Even so, the firstborns deserved obliteration. God said: Let the sons of Levi come and redeem them. Therefore, you find the Levites redeeming the firstborns. This is what is written: "Take the Levites instead of all the firstborns among the children of Israel, and the cattle of the Levites instead of their cattle" (Bamidbar 3:45).
 
In similar fashion, Rashi comments on the purification process of the Levites:
 
I have found in the work of R. Moshe the Preacher the following: Because they brought atonement for the firstborns who had worshipped the idol, and it [idolatry] is called "offerings of the dead" (Tehillim 106:28), and the leper is also called dead (Bamidbar 12:12), [Scripture] requires them to shave their bodies like lepers. (Bamidbar 8:7)
 
We can now return to the question discussed above: When did the firstborns cease performing the service? According to this midrash, which apparently reflects the dominant opinion among Chazal and the commentators, the firstborns' role in the sacrificial service was cut off at the time of the sin of the golden calf. It turns out, then, that in practice, the firstborns of Israel served as priests for only a very short period, from the exodus from Egypt until the sin of the golden calf – that is, from the middle of Nisan to the seventeenth of Tamuz of the first year following the exodus from Egypt.[10]
 
Before concluding, we must add that the discussion thus far was only according to the opinion of R. Yehoshua ben Korcha. From the words of R. Yehuda Ha-Nasi, it appears that the role of the firstborns ended at Mount Sinai, independent of any sin. It is possible that the transition from the service of the firstborns of each and every family to the service of one tribe that represents the entire people reflects, according to R. Yehuda Ha-Nasi, the transition from the service of individuals to the service of the entire community. It therefore takes place specifically at Mount Sinai, where the people of Israel reached a much higher spiritual level, giving a new and totally different character to their identity as a people.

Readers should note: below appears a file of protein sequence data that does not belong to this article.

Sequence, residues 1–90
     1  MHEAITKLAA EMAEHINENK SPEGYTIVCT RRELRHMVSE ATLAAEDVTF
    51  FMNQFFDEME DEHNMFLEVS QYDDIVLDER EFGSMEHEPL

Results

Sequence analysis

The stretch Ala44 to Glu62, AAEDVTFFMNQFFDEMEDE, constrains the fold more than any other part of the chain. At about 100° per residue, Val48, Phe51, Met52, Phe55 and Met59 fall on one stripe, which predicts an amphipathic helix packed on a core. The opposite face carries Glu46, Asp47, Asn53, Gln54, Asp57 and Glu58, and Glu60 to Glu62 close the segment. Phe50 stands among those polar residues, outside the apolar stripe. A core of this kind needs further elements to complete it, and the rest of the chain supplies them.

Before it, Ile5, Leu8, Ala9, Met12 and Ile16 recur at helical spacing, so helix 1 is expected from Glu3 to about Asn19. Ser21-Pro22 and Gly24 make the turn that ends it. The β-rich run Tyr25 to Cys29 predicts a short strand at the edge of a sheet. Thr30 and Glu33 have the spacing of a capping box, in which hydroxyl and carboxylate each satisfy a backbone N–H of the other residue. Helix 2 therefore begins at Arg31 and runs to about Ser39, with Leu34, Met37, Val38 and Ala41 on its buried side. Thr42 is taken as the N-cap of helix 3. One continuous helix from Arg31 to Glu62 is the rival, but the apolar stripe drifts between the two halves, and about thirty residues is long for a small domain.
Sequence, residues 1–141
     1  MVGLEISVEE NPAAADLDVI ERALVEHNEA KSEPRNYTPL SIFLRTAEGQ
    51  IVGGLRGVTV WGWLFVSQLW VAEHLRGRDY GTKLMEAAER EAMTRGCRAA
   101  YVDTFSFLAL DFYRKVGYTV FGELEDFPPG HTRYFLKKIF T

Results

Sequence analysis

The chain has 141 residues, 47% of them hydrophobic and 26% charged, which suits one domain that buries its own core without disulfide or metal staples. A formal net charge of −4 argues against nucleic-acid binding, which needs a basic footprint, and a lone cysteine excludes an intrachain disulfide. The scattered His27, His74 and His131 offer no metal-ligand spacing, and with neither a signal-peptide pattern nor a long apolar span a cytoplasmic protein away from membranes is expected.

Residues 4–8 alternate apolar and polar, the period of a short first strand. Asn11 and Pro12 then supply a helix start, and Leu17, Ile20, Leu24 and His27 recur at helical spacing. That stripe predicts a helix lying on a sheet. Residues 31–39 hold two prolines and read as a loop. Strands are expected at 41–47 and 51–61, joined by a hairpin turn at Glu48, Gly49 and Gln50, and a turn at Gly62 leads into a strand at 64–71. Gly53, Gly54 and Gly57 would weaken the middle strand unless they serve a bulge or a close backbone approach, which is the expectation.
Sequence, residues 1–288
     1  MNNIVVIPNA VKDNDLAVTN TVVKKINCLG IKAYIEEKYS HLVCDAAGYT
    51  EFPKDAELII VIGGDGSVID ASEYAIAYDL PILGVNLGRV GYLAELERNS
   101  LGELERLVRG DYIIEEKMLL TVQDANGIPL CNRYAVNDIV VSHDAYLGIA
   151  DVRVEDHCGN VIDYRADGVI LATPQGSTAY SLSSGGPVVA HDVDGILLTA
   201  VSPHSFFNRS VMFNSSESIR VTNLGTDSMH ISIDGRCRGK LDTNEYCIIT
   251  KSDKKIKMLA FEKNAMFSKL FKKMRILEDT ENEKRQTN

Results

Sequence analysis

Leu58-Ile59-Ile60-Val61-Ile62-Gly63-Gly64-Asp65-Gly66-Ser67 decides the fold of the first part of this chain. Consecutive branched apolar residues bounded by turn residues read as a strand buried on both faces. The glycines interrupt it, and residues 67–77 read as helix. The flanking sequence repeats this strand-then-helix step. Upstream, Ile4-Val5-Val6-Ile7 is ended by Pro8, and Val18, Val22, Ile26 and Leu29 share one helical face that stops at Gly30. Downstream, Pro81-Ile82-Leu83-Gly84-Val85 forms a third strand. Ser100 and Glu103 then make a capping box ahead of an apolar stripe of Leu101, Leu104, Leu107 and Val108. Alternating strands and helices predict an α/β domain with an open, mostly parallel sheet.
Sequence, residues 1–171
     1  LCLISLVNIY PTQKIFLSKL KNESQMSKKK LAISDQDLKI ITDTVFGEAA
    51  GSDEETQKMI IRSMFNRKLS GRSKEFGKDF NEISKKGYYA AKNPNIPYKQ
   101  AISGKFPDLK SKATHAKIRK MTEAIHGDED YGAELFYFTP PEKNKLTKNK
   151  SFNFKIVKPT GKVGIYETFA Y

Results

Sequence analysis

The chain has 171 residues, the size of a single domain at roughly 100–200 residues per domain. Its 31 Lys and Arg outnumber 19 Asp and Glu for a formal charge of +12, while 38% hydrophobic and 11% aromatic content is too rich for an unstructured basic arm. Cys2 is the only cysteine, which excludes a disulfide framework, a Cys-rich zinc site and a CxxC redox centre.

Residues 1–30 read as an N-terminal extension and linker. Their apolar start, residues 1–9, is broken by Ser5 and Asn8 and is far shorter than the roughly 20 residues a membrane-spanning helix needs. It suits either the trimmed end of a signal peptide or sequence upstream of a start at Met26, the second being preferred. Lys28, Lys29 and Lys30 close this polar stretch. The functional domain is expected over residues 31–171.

Another explanation that fits in with the opinion of R. Yehuda Ha-Nasi is the original proposal of the Chizkuni in his commentary to the following verses:
 
And I have taken the Levites for all the firstborn of the children of Israel… to do the service of the children of Israel in the Ohel Mo'ed… that there be no plague among the children of Israel, when the children of Israel come near to the sanctuary. (Bamidbar 8:18-19)
 
According to the Chizkuni, the transition to the service of the priests and the Levites was intended to allow for greater professionalism among those who served in the Mishkan, as it would now be transferred from father to son:
 
"And I have taken the Levites for all the firstborn" – For if all the firstborns would serve, there would be plague among them, for the father of this firstborn might not have been a firstborn, nor his father's father, and they would not be trained in the service, and when he comes to serve he would not be proficient and careful about it, and he would act inappropriately and be smitten by plague, as we find with Nadav and Avihu.
But the Levites, once they were chosen, they and their children and their children's children for generations, were trained and admonished regarding their service that it be performed properly. Therefore, Scripture says: "The Levite shall have no part" (based on Devarim 18:1), that they should not be involved in any work, but only in the holy service, lest their hands become used to mundane work, and thus their arms and fingers will become heavy and hard, and they will not be able to bend them for the harp and the lyre, and the song [of the Levites] will be ruined.